Who rescued the Rebbe? Who made the rescue possible? And who really earns the appreciation for the rescue, so many want to show toward Kastner and the Zionists? In order to answer these questions, we have to go back a little earlier in history, to the beginning of WWII. Of course, the suffering of the Jews didn’t start in 1944, when the rescue of the train occurred! It started as early as 1939 in some places. In Slovakia, the deportations started in March of 1942, and continued until the summer of that year. During this time, a group of Jews working under the name “The Working Group” (henceforward referred to as the “WG”), tried to stop the Slovak deportations, and to do whatever else was possible to save the remaining Jews. This group consisted of a couple of Jews (of which the last one, Andre Steiner, died recently at the age of over 100) and was headed by Rabbi Michael Dov Weissmandel (henceforward referred to as “RMD”) and his cousin, Mrs. Gisi Fleischmann. In order to stop the deportation - after a considerable effort - they made contact with Dieter Wisliceny, the person responsible for the deportations of Slovak Jewry, and through a bribe of a huge sum of money, and several other things, like bribing other officials, and pressuring the non-Jewish religious hierarchy in Slovakia, they succeeded in stopping the Slovak deportations almost until the end of the war. The success of the Slovak rescue, gave the group fresh appetite to try and extend the rescue to all of Europe. This was a much bigger undertaking than the Slovak rescue. Whereas the Slovak rescue was done for the relative small amount of $50,000, and it involved some 30,000 Jews to be rescued, the broader “Europa Plan” involved millions of dollars, and a million Jews.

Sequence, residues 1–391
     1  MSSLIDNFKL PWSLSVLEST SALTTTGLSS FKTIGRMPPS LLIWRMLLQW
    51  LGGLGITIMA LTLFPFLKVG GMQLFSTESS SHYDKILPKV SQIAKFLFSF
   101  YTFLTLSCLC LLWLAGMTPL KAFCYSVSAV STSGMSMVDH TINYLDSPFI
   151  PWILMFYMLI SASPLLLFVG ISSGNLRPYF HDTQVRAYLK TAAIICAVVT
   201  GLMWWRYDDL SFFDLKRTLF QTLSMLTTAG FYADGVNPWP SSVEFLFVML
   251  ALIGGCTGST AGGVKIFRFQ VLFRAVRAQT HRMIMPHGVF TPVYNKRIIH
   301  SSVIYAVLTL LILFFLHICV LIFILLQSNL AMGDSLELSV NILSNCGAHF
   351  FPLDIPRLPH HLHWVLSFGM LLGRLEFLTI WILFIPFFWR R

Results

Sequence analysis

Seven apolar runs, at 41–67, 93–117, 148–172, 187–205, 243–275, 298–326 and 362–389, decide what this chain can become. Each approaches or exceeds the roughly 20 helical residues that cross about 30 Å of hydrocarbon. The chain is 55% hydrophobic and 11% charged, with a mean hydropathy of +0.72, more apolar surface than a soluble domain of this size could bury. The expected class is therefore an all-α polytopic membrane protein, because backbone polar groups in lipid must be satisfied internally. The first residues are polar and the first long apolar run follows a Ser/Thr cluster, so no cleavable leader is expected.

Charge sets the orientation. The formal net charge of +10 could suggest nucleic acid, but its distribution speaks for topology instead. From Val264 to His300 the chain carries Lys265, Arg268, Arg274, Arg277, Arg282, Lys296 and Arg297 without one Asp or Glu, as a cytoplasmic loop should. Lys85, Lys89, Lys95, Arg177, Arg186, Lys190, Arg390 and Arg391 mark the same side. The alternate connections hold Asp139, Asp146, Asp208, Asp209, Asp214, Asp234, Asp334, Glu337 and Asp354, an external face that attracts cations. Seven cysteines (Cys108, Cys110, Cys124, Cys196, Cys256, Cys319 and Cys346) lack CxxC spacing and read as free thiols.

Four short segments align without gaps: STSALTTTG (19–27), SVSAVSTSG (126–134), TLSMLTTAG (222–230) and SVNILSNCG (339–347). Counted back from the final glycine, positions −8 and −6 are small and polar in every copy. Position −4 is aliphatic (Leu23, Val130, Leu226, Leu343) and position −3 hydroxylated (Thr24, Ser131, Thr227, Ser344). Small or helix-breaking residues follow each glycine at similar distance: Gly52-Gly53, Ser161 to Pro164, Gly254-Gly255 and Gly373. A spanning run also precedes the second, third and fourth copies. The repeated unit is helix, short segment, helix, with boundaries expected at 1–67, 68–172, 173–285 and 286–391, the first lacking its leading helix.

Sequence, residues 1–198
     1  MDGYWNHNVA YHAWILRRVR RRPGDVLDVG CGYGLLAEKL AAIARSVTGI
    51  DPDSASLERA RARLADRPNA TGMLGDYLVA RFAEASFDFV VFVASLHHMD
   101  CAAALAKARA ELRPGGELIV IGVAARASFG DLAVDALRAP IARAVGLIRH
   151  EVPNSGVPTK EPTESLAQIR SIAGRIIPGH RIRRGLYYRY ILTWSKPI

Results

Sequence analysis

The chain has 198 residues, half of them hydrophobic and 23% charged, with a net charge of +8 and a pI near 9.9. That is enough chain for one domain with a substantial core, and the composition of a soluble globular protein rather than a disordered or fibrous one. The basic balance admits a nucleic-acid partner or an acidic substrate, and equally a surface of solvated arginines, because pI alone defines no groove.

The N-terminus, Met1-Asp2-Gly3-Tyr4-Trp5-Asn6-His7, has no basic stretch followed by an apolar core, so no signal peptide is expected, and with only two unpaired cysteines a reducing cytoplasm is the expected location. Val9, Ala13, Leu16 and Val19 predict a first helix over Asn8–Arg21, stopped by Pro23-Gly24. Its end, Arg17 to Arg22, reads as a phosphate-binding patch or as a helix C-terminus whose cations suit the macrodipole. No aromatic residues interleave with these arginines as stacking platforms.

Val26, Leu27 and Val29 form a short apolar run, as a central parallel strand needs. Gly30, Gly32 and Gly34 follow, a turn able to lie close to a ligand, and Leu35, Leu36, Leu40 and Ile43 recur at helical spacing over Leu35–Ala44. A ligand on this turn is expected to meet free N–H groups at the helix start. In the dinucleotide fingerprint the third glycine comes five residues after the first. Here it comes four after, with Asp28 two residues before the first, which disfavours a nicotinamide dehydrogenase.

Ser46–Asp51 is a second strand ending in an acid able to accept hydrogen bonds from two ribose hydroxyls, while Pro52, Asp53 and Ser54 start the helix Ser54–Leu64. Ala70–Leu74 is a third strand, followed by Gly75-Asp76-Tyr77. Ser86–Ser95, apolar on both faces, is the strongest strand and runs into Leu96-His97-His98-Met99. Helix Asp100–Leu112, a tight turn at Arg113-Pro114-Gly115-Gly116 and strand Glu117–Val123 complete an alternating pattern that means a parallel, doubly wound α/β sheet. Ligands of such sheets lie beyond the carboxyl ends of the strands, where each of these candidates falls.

The negotiations started in late 1942, and went back and forth. Although the down payment of $200,000 couldn’t be realized, the negotiations still continued in Slovakia until 1944, (what transpired during this time is a long story. The required attention to discuss it in length is beyond the realm of this article). In 1943 Wisliceny was transferred from Slovakia to Greece, and in 1944 he arrived in Hungary. Like in Slovakia he came to Hungary to work with Adolf Eichmann. Before his transfer out of Slovakia, he asked RMD how the negotiations will continue after he leaves to Hungary. RMD gave him a letter in his personal handwriting to be given to Rabbi Pinchas Freudiger, (henceforward referred to as “Freudiger”) head of the orthodox Jewish community in Budapest. The letter asked that Freudiger continue the negotiations with Wisliceny. Freudiger knew of Wisliceny and the negotiations between him and the “WG”, because the money for the Slovak rescue was sent by the orthodox community in Budapest. Although Wisliceny always worked under Eichmann - since Slovakia - now it was different. Now he was working under Eichmann, in Eichmann‘s presence, whereas in Slovakia Eichmann wasn’t there. Freudiger at first met with Wisliceny on a personal matter on March 22nd, to help his brother who was arrested by the S.S. He went to speak to Wisliceny to see if he will be able to help him in this matter, he knew Wisliceny was in command, because of a meeting Wisliceny held with the leaders of the various Jewish communities on March 20th, upon Wisliceny’s arrival in Hungary. At that meeting Wisliceny informed the leaders that he will from that day on be in charge of the Jewish affairs. When Freudiger met with Wisliceny to try to help his brother, Wisliceny told him that he wanted to meet him on a personal matter, and that he has something to discuss with him. The meeting took place a few days later. At this meeting Wisliceny gave Freudiger the letter from RMD, - asking Freudiger to continue the negotiations on the Europe plan - and asked him if it was "OK" from his side. Freudiger replied in the affirmative, and Wisliceny told him that he will be in touch.